Scissor Sisters are back after a five-year hiatus with a new single, “SWERLK.” The band teamed up with producer MNDR and released the track just days before the one-year anniversary of the Pulse shooting, and that is no coincidence.
“It wasn’t just an attack on the LGBTQ community, but on one of its sacred spaces: the dance floor. On the one-year anniversary of the shooting, the two artists are teaming up not just to ensure violence against the gay community is still part of the national dialogue, but to take back the dance floor,” a statement on the website for the track reads.
Proceeds from the song will go to Contigo Fund, an organization that emerged after the Pulse shooting to support LGBTQ and Latinx communities, and to fight racism, homophobia, transphobia, Islamophobia, and other forms of bigotry.
You can listen to the new track below. The word “SWERLK” is a word created by combining the words twerk, twirl, werk, swerve, and swirl.
The band has also released an official lyrics video to go along with the song.
“It’s not only a dance move or a song,” MNDR told Huffington Post. “It’s a way of life and a philosophy!”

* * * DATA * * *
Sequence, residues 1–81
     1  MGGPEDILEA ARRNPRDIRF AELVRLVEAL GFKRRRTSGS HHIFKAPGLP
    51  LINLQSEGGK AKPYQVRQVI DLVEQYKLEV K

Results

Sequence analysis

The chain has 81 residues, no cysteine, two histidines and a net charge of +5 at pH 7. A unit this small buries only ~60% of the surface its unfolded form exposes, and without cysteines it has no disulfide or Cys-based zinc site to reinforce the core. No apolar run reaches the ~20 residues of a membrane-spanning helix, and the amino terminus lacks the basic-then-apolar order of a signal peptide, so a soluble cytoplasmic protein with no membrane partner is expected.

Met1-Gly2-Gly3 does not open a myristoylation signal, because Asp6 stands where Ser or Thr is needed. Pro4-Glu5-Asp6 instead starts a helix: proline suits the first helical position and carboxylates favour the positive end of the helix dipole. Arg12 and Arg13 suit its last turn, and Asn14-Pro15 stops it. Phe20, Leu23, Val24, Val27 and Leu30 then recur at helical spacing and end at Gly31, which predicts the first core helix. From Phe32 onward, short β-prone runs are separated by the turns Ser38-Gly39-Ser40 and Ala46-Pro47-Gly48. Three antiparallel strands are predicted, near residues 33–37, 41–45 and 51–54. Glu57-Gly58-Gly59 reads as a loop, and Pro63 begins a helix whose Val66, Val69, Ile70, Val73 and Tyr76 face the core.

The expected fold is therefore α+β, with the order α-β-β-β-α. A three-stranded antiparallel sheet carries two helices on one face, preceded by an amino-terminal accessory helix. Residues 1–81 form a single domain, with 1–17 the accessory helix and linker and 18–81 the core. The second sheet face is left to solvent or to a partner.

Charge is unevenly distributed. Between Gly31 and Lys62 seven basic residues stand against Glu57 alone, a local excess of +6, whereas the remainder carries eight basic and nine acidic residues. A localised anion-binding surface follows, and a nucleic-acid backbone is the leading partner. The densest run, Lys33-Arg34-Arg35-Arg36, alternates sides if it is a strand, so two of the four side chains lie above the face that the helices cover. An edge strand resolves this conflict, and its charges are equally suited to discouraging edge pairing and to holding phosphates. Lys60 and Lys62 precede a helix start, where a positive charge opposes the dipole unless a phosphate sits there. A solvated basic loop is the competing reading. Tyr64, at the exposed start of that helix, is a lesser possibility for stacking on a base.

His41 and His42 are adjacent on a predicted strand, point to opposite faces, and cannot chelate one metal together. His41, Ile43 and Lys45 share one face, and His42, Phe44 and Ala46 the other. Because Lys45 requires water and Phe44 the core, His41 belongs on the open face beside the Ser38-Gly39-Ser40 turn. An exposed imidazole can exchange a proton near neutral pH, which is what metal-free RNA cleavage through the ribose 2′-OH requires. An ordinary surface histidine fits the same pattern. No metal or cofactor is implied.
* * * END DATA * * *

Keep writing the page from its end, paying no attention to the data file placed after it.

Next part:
“MNDR and I were talking about how we wouldn’t exist without the culture around the clubs and the bars and the kind of escapes they provided and complete support system for what we were both doing when we started our projects,” Scissor Sisters’ Babydaddy said. “So it was this sort of, ‘we’re not just supportive but also in debt to this culture.’”
“I think the most important way for us to kind of fight back and keep the spirit alive was to actually dig deeper into the spirit of what that whole scene, that community is. So, for us, that idea [consisted] of making something that hopefully people want to go out and play in the clubs and have fun with experience,” he added.
The artists are encouraging fans who are able to make donations to Contigo Fund as well.
“Contigo Fund is proud to stand strong with Pulse-affected communities in Orlando in their long journey of healing and empowerment. Support for this work continues to be critical,” the organization said in a statement.